In the early 1900s, wild turkey (Meleagris gallopavo) populations declined significantly throughout the United States, due to habitat destruction and unregulated subsistence hunting. As late as the Great Depression, fewer than 30,000 wild turkeys remained in the entire United States. Early restoration efforts focused on releasing pen-raised birds, but efforts were met with extreme disappointment due to poor survival rates among the pen-raised birds. This approach hampered the wild turkey's comeback for nearly two decades. It took the creation of the cannon net before wildlife agencies could successfully begin restoration of wild turkey populations by trapping and transferring large flocks of wild turkeys to areas of suitable habitat. Wild turkeys currently occupy 99 percent of suitable habitat in North America. Today more than 7 million birds can be found throughout North America thanks to the efforts of state, federal and provincial wildlife agencies, the NWTF and its members and partners.
Species and Range
There are only two species of wild turkey in the world; the North American wild turkey (Meleagris gallopavo), divided into five distinct subspecies, and the ocellated turkey (Meleagris ocellata).
The five subspecies include: Eastern (Meleagris gallopavo silvestris), Osceola (Meleagris gallopavo osceola), Merriam (Meleagris gallopavo merriami), Goulds (Meleagris gallopavo mexicana), and Rio Grande (Meleagris gallopavo intermedia).
Two of the five subspecies occur in Florida, the Eastern and Osceola.
The Eastern wild turkey is the most widely distributed, abundant and hunted wild turkey subspecies in the United States. Since the eastern wild turkey ranges the farthest north, individuals can also grow to be among the largest of any of the subspecies. It inhabits roughly the eastern half of the country. It's found in hardwood and mixed forests from New England and southern Canada, South to northern Florida and West to Texas, Missouri, Iowa and Minnesota. It has also been successfully transplanted in states outside of its original range including: California, Oregon and Washington.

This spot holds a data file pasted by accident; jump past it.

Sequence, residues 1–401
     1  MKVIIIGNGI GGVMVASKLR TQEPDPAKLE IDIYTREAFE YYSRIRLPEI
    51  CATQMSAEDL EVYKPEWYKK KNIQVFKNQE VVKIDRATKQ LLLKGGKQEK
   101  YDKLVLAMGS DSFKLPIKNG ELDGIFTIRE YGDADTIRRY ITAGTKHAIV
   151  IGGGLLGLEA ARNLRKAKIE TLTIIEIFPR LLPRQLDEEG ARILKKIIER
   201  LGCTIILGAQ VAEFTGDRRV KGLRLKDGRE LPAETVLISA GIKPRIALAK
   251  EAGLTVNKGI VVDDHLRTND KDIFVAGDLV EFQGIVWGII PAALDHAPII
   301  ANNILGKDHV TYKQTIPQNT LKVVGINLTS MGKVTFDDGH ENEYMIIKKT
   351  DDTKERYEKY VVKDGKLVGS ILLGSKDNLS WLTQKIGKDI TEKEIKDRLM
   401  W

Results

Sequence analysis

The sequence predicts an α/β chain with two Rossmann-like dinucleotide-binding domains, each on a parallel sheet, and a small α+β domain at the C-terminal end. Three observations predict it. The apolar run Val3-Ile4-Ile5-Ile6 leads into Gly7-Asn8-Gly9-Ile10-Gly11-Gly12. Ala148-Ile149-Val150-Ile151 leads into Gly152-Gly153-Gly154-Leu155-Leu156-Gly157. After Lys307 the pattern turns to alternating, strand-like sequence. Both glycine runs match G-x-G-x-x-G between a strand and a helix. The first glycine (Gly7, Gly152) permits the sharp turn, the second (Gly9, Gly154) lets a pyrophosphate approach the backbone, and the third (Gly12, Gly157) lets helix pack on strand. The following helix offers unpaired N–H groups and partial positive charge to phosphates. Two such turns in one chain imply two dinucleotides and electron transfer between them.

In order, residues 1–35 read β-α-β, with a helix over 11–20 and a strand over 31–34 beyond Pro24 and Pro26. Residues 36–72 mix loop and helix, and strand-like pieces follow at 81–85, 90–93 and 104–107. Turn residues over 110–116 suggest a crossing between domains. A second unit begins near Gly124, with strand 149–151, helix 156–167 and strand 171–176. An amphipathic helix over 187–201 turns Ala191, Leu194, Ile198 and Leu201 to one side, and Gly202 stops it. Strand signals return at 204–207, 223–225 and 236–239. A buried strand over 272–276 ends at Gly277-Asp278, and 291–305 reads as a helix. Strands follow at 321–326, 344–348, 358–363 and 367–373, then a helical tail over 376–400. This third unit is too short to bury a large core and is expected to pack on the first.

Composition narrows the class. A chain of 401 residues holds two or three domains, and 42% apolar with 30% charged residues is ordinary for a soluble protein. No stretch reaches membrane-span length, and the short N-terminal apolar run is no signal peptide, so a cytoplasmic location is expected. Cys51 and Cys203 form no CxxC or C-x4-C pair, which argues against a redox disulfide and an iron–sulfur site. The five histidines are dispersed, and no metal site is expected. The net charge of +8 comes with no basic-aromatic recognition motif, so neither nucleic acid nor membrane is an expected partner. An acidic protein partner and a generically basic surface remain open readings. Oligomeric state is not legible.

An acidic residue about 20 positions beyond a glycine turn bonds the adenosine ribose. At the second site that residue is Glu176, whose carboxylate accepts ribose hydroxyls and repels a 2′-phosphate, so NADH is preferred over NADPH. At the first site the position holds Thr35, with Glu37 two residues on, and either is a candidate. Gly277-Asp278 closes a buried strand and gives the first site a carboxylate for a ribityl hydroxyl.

The Osceola wild turkey, also referred to as the Florida wild turkey, is found only on the peninsula of Florida. It's similar to the Eastern wild turkey, but is smaller and darker in color with less white veining on the primary wing quills. The white bars in these feathers are narrow, irregular and broken, and do not extend all the way to the feather shaft. The black bars predominate the feather. Secondary wing feathers are also dark. When the wings are folded on the back, there are no whitish triangular patches as seen on the Eastern.
Wild turkeys are considered a prey species. Because of this, proper habitat management is crucial to the survival of the species. Wild turkeys thrive in a mixture of grasses, shrubs, and trees. Grasses and shrubs that are about 3 feet in height provide excellent nesting and brooding habitat. This habitat type can be simply maintained utilizing “Thinning and Burning”. The thinning of timber stands allows light to reach the forest floor, while the burning will reduce midstory cover. This combination allows the native grasses and legumes to thrive.
Turkeys mainly feed on insects, berries, seeds, and acorns. Their diet is variable and depends on time of year. When a turkey is young (poult) 90% of its diet is made up of protein rich insects.
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